Making a ranking final would be a minor miracle when you consider his record over the past year, and Peter Ebdon stands in his way.

The 2002 world champion has been the talk of the town this week, even if for the wrong reasons. It's easy to criticise Ebdon's slow play, but we should remember that even three months ago it helped him to a title.

He is getting results and deserves credit for his graft.

Picking a winner from here is almost impossible. The tournament is wide open and it's time for one of the pretenders to claim the throne.

Thursday, 12 July 2012

The speed of Ebdon

Peter Ebdon was up to his old tricks again today at the Australian Open - and it feels like the season is really under way now.

Picture by Monique Limbos
Sparks flew across Twitter as he literally crawled over the line Ding Junhui.

At stages of his 5-4  win against China's number one he was averaging 39 seconds per shot and boring his opponent into submission.

We got the usual reactions. The pro-Ebdon camp say he's not breaking the rules of the game. The ant-Ebdon camp say his gamesmanship is unacceptable.

As usual, the truth probably lies somewhere in between.

Ebdon's tortoise-speed play is - rightly or wrongly - a proven technique for beating top players in the game. It could be argued that while Peter doesn't have the natural ability to match a player such as Ding, slowing down the tempo of a match is a reasonable way of bridging that gap.

To strengthen this opinion it's worth considering that despite his 'antics', Ding still actually came almighty close to weathering the storm and progressing to the quarter-finals. This might not make it right, but it shows he's up for the challenge.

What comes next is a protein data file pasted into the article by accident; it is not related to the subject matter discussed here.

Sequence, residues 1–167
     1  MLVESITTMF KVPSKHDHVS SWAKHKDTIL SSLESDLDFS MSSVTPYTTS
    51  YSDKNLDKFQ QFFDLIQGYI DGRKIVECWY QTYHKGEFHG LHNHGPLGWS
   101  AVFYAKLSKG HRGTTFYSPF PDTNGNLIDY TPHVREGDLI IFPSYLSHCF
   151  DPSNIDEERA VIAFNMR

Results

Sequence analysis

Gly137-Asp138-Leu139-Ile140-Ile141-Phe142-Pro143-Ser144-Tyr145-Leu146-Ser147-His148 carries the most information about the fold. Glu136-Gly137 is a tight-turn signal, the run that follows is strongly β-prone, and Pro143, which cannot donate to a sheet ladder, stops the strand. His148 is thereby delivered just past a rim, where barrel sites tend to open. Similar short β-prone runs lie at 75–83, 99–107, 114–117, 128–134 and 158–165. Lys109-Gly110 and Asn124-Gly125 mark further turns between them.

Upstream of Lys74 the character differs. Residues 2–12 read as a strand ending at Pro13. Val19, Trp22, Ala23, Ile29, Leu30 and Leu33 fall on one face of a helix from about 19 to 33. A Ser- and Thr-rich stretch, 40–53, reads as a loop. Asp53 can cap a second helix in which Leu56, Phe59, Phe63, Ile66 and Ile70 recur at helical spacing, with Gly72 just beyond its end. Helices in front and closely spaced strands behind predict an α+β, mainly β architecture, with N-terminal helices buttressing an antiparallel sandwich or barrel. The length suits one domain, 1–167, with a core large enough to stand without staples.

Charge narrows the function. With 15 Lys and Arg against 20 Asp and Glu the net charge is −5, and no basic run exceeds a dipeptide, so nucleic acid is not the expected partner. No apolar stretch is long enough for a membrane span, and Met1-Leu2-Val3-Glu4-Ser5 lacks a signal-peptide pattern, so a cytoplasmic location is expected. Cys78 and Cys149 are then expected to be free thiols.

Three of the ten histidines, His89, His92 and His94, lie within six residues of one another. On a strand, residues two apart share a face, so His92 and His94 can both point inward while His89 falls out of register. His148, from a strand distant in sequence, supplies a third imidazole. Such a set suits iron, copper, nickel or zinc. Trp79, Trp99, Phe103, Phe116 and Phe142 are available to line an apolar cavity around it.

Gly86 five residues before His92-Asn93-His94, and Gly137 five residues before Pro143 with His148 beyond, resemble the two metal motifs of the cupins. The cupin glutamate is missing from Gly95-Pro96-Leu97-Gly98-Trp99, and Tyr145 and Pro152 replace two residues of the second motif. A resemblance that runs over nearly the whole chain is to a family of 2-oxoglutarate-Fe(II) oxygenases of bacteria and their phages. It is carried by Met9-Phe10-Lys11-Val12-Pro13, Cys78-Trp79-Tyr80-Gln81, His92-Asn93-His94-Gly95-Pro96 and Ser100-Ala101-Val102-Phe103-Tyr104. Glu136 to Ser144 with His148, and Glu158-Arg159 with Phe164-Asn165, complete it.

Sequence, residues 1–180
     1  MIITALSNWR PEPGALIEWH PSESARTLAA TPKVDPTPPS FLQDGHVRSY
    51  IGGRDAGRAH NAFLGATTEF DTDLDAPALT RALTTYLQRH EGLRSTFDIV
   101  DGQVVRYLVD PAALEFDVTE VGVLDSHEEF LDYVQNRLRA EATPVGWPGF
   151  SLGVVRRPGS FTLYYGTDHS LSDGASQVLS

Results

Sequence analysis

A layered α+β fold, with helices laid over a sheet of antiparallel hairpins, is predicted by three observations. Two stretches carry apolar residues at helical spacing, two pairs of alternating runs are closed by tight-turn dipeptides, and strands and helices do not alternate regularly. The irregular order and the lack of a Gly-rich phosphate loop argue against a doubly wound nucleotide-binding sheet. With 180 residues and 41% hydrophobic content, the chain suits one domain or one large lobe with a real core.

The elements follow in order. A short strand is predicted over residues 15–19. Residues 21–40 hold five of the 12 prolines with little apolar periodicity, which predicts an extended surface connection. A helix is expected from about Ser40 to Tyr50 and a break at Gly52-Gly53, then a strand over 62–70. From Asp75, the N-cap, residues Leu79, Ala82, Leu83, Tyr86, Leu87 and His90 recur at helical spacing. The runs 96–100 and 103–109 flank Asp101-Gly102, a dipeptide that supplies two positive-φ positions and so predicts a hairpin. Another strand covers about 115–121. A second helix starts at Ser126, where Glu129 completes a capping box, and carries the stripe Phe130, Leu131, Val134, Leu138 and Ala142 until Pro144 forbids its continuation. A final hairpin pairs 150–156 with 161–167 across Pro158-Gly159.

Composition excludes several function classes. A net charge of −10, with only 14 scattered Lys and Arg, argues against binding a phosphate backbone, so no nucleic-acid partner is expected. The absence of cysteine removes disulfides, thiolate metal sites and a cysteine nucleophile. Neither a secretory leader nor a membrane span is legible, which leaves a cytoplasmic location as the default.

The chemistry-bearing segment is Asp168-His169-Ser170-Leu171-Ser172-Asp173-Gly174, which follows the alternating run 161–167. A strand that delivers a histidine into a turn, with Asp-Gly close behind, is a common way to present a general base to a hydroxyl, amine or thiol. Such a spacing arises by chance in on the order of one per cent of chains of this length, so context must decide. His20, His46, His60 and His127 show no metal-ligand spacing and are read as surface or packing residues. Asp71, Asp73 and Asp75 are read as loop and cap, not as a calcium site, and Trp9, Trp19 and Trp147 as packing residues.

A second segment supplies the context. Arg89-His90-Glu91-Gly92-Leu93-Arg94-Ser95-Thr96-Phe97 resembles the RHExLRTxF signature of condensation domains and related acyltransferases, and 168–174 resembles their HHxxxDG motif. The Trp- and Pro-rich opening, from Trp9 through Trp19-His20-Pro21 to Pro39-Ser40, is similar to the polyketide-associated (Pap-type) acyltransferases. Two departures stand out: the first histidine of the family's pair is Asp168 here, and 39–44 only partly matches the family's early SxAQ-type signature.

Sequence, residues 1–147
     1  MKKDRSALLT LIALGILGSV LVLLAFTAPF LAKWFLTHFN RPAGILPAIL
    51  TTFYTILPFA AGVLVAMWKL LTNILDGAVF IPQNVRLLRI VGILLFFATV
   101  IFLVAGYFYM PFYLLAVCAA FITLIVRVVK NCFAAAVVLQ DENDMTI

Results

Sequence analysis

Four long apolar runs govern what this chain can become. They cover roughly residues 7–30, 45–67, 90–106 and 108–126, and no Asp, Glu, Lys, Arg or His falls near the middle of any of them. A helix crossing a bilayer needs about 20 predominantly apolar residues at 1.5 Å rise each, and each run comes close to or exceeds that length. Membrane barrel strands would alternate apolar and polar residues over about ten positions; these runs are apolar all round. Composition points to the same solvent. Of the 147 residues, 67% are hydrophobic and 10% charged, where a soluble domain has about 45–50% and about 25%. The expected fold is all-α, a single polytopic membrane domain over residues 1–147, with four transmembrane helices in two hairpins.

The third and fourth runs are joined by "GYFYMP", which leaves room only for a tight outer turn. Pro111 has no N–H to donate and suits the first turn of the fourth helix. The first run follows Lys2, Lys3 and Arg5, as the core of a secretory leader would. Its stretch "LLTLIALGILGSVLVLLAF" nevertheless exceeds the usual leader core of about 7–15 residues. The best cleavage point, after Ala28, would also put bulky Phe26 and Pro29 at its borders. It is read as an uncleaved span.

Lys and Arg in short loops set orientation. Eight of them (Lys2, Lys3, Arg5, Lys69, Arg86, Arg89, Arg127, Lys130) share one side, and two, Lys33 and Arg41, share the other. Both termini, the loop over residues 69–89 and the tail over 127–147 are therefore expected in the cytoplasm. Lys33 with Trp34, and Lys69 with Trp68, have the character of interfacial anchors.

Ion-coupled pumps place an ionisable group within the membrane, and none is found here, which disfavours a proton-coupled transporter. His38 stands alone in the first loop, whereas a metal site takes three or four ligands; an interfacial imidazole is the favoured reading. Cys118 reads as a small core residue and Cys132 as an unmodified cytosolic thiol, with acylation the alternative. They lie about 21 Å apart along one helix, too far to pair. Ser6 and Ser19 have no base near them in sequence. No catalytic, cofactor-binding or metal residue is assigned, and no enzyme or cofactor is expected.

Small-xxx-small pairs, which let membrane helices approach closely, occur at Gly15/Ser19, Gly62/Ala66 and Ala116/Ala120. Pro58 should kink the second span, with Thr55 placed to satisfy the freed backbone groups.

The age old saying says you can't do anything in your chair. If Ding had kept Ebdon in his chair for longer and made more of his chances he would have won the match, irrespective of his opponent. That is a fact.

Ebdon won the world Championship a decade ago and even then, at the height of his power, his tactics helped him achieve his ultimate goal. He isn't the player he was back then but yet he still won a tournament as recent as the China Open just three months ago.

To consistently win titles, as Ding is striving to, he he will have to overcome all sorts, including Ebdon-esque pace. You could argue this is all part of the challenge of the modern game.

If every player played the same, we would have one dull sport on our hands.

This is the extremity of that argument, of course, and many people believe Ebdon has over-stepped the mark. Some of the turgid matches Peter has been involved in down the years have, quite frankly, been painful to watch.